Prolific songsmith Bill Scorzari returns with second album

Bill Scorzari (Photo courtesy of Lauren Jahoda)

The way Bill Scorzari writes and records, there is a distinct possibility that by the time his new album, Through These Waves, arrives on March 10, he could have another couple albums ready to go.

He laughs.

“I definitely have enough for the third record, and I guess once I’m done with this tour coming up, I’ll start making plans to get back into the studio and get working on that one.”

Tonight, the New Yorker is at home, playing Rockwood Music Hall, then it’s on the road for the next couple months, and that’s a good thing because his album will get a little time to breathe and reach the audience it deserves. And you don’t have to convince this singer-songwriter that it’s the best work he’s produced so far.

“I’m so excited for this record,” Scorzari said. “I like the first record, but this one is a completely different thing. It was the culmination of everything just coming together almost effortlessly. I had these songs that I wanted to get out and really made the decision to give this a push that it needed, and as soon as I made that decision, everything just opened up. Everything that could have been great was even better. It was just amazing, like it was meant to be. Just a phenomenal experience.”

A phenomenal experience that took all of twelve days to record at the Bomb Shelter in Nashville. Twelve. Not a typo.

“The first four days, we printed 22 songs,” he said. “The next four days we did overdubs. And then four days of mixing. From those 22, we pulled out 14 and we mixed those down and decided on the final 12. And the engineer, Billy Bennett, mastered them in another day or two.”

It was a rush of inspiration coupled with a team that had the talent, professionalism and work ethic to pull it off. That combination is rare, but it’s not like Scorzari just woke up with some songs ready to go one weekend. For his first album, Just the Same, he had 70 songs to choose from to get down to the final thirteen, and even before the sessions for the new album, he and producer Jonah Tolchin started with a collection of close to 50 tunes.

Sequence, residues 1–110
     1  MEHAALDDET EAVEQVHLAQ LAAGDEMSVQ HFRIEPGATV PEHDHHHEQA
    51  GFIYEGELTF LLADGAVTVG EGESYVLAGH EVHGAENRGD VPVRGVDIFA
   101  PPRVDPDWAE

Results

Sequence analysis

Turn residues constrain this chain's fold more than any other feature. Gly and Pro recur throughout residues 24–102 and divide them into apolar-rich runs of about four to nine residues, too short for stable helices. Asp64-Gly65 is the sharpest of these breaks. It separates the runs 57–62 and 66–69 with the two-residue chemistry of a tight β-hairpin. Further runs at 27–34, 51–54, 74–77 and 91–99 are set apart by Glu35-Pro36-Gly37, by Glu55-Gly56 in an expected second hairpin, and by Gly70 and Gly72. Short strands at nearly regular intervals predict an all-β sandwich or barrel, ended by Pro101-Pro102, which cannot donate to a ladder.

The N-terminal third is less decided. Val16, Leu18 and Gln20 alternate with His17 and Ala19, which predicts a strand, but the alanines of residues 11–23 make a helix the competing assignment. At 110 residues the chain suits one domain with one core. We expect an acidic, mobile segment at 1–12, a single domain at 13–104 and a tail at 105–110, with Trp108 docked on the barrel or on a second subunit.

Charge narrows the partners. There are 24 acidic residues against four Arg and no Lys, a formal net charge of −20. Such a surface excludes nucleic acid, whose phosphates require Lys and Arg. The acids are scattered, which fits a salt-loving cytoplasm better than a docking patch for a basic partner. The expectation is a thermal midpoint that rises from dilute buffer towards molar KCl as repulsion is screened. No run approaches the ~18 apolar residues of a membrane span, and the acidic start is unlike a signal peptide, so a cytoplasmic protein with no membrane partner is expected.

“I just love to write,” Scorzari said. “It’s what keeps me going. I realized that I had accumulated a good number of songs that I was confident in putting out there and we just decided to do it.”

Two albums in, Scorzari has developed a reputation. Don’t worry, it’s a good one, as he’s a songwriter of the highest order with a three pack a day voice that sounds nothing like that during every day conversation. When he’s on stage though, that voice will make you pay attention to lyrics that can turn a phrase, make you think or make you thankful that there’s someone out there to relate to.

“Sometimes lines just come, but it’s not that they come out of thin air,” Scorzari said. “They come from something else, and the magic comes when you take something easily recognizable and you give it a deeper meaning. Sometimes that just jumps out at you, but other times, you can’t find it at all. It’s a hit or miss proposition sometimes, but I’m happy when it happens because when you do that, you connect with people with that and that’s what it’s all about.”

Bill Scorzari plays Rockwood Music Hall tonight, February 21. For more information, click here

For more information on Bill Scorzari, click here

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